Growing up, I was all about basketball. Extremely competitive in nature, I worked hard on the fundamentals and conditioning not only during the regular seasons, but every summer I worked hard to get better. My older sister was my basketball mentor. While I was on a middle school basketball team, she was in high school and played on a team that won a state championship. Living in a beach town, I spent my summers in middle school and high school at the beach and at the gym playing basketball, many times, both in the same day.

One of the best opportunities I had to get better was playing pick-up ball with my sister’s high school championship-level team. I was excited to get to practice alongside such high caliber players, but quickly found out playing against them was a completely different experience, and I struggled to keep up.

You see, they had years of training that I didn’t. They had been on their journey of learning, making mistakes, playing against other higher caliber players, excelling in the fundamentals, and getting better longer than I had.

But what I remember is their patience for me as a younger player. They didn’t kick me off the court and tell me I was bringing their game down. It had to be frustrating for them. When we scrimmaged and I’d miss a pass, shoot an airball, accidentally turn the ball over, or throw it out of bounds, I can only guess their treatment of me was because they saw a piece of me in them.

I, on the other hand, wasn’t as kind or understanding when I took my new skills to my middle school basketball team. Plain and simple, they frustrated me. Instead of showing grace, I snapped. I wouldn’t throw the ball to players who I thought were less skilled, and my frustration showed.

I held my middle school teammates to a higher standard than the better players had held me. I left my compassion in the locker room and ruled with an iron fist on the court. Isn’t that so like us as Christians sometimes? It’s easier to hold people to a higher standard than we are held.

Often times I want all of the forgiveness, grace, and patience God has shown me, but I’m not willing to follow His lead and extend those same attributes to others.

Often times I want all of the forgiveness, grace, and patience God has shown me, but I’m not willing to follow His lead and extend those same attributes to others.

Colossians 3:12-14 says, “Therefore, as God’s chosen people, holy and dearly loved, clothe yourselves with compassion, kindness, humility, gentleness and patience. Bear with each other and forgive one another if any of you has a grievance against someone. Forgive as the Lord forgave you. And over all these virtues put on love, which binds them all together in perfect unity.”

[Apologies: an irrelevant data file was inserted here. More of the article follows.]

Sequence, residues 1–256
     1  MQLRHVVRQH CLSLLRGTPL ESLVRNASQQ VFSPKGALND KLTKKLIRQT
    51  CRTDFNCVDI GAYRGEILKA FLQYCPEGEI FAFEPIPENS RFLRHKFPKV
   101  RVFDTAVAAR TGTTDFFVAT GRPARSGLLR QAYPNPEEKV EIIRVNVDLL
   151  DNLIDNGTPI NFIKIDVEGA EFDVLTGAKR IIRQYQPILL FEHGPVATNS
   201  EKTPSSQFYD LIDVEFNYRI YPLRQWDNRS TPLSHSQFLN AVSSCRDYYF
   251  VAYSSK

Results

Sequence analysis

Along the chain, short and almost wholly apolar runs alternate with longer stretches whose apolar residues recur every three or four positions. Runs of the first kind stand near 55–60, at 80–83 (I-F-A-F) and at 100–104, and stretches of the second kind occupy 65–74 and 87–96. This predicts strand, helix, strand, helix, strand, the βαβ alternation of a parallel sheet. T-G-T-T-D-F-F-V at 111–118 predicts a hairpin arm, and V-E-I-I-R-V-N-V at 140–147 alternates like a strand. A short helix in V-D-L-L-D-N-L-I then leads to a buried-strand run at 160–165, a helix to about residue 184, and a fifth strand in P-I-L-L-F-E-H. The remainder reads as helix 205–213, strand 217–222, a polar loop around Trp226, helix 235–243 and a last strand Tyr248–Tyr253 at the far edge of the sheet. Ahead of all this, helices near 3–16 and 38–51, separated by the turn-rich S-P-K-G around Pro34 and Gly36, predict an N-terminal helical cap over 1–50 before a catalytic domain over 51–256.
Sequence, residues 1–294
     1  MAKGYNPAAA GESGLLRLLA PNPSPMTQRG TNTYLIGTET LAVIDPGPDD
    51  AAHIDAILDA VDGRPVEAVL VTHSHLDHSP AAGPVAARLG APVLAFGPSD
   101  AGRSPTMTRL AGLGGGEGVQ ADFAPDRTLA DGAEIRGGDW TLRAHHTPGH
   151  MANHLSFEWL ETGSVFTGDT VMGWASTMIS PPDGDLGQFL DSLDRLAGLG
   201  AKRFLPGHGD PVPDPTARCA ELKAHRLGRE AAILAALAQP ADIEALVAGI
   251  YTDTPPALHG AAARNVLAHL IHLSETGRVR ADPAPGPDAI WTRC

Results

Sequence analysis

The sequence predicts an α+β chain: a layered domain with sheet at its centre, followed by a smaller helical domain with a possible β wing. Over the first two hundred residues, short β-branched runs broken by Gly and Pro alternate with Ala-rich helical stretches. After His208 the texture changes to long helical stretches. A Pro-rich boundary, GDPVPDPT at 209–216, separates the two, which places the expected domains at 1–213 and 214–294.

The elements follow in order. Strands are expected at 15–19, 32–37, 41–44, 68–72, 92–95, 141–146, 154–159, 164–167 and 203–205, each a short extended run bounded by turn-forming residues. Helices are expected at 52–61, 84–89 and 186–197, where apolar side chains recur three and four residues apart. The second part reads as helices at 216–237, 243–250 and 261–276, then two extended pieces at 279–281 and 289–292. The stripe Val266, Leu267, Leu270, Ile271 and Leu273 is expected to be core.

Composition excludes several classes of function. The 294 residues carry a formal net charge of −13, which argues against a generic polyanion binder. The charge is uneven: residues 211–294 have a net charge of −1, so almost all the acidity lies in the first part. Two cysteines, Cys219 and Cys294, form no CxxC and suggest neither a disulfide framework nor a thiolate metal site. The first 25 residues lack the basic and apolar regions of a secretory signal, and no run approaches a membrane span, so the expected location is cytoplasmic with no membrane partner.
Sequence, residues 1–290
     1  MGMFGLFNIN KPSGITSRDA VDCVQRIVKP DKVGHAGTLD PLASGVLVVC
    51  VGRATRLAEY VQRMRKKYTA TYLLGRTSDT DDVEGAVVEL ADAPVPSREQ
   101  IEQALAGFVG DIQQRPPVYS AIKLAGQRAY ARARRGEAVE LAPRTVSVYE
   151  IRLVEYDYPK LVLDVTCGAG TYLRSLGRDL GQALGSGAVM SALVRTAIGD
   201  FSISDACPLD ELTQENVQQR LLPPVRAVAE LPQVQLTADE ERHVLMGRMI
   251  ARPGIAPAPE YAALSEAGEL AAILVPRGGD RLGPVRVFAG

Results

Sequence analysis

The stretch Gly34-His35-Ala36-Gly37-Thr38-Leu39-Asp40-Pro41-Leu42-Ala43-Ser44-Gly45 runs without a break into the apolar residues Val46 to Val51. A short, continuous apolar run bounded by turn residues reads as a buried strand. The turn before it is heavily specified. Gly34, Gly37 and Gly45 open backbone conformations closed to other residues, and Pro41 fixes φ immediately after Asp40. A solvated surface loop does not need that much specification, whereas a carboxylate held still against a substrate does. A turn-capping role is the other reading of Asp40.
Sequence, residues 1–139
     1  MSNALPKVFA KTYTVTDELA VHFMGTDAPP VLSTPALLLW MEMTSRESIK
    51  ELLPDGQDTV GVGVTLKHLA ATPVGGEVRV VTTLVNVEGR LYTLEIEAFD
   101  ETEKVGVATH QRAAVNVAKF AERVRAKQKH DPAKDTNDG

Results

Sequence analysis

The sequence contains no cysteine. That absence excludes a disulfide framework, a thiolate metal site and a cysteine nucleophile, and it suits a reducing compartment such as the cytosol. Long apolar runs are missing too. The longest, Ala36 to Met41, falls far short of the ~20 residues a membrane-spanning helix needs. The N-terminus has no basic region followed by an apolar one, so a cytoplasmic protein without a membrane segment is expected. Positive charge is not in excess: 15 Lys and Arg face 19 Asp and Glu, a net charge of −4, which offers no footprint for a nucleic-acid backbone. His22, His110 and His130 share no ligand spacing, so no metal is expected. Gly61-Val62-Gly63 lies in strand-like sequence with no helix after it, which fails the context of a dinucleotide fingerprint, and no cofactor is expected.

If I can, “put on compassion, kindness, humility, gentleness and patience,” does that mean I have the ability to, “take them off”? I’m not sure about you, but I know at times I have. I’ve justified it by saying things like, “I’m right, they’re wrong,” “But you don’t know what they said,” “You don’t know what they did,” “I can’t possibly forgive or get past this offense.”

And if anyone has the authority to speak on forgiveness, it’s God.

No matter what size the offense or hurt we are holding on to – imagine what God could hold against us, yet He doesn’t.

One of my favorite worship songs is ‘Reckless Love’ by Cory Asbury.

This is a portion of what Cory said about the writing of that epic song:

“His love bankrupted heaven for you. His love doesn’t consider Himself first. His love isn’t selfish or self-serving. He doesn’t wonder what He’ll gain or lose by putting Himself out there. He simply puts Himself out there on the off-chance that one of us might look back at Him and offer ourselves in return.”

“Finding that one lost sheep is and will always be supremely important. His love isn’t cautious, it’s a love that sent His own son to die a gruesome death on a cross. There’s no plan B with the love of God. He gives His heart so completely, so preposterously that if refused you would think it irrefutably broken, yet He gives himself away again and again and again. Make no mistake, our sins do pain His heart, and 70 times 7 is a lot of times to get your heart broken, and yet He opens up and allows us back in every-single-time.”

“His love saw you when you hated Him and all logic said, “They’ll reject me,” but He said, “I don’t care what it costs me, I lay my life on the line as long as I get their hearts.”

With that perspective I reflect on what Colossians means when it says, “Forgive as the Lord forgave you.”

God doesn’t ask us to do something He wasn’t willing to do. No matter what size the offense or hurt we are holding on to – imagine what God could hold against us, yet He doesn’t.

By Suzanne Odum

Suzanne Odum serves as an assistant campus pastor at our Warrenton location and also oversees the Ministries of Love Church. Her passion is to empower people to pursue their God-given dreams. She's also a huge fan of The Godfather trilogy and can quote almost every line!

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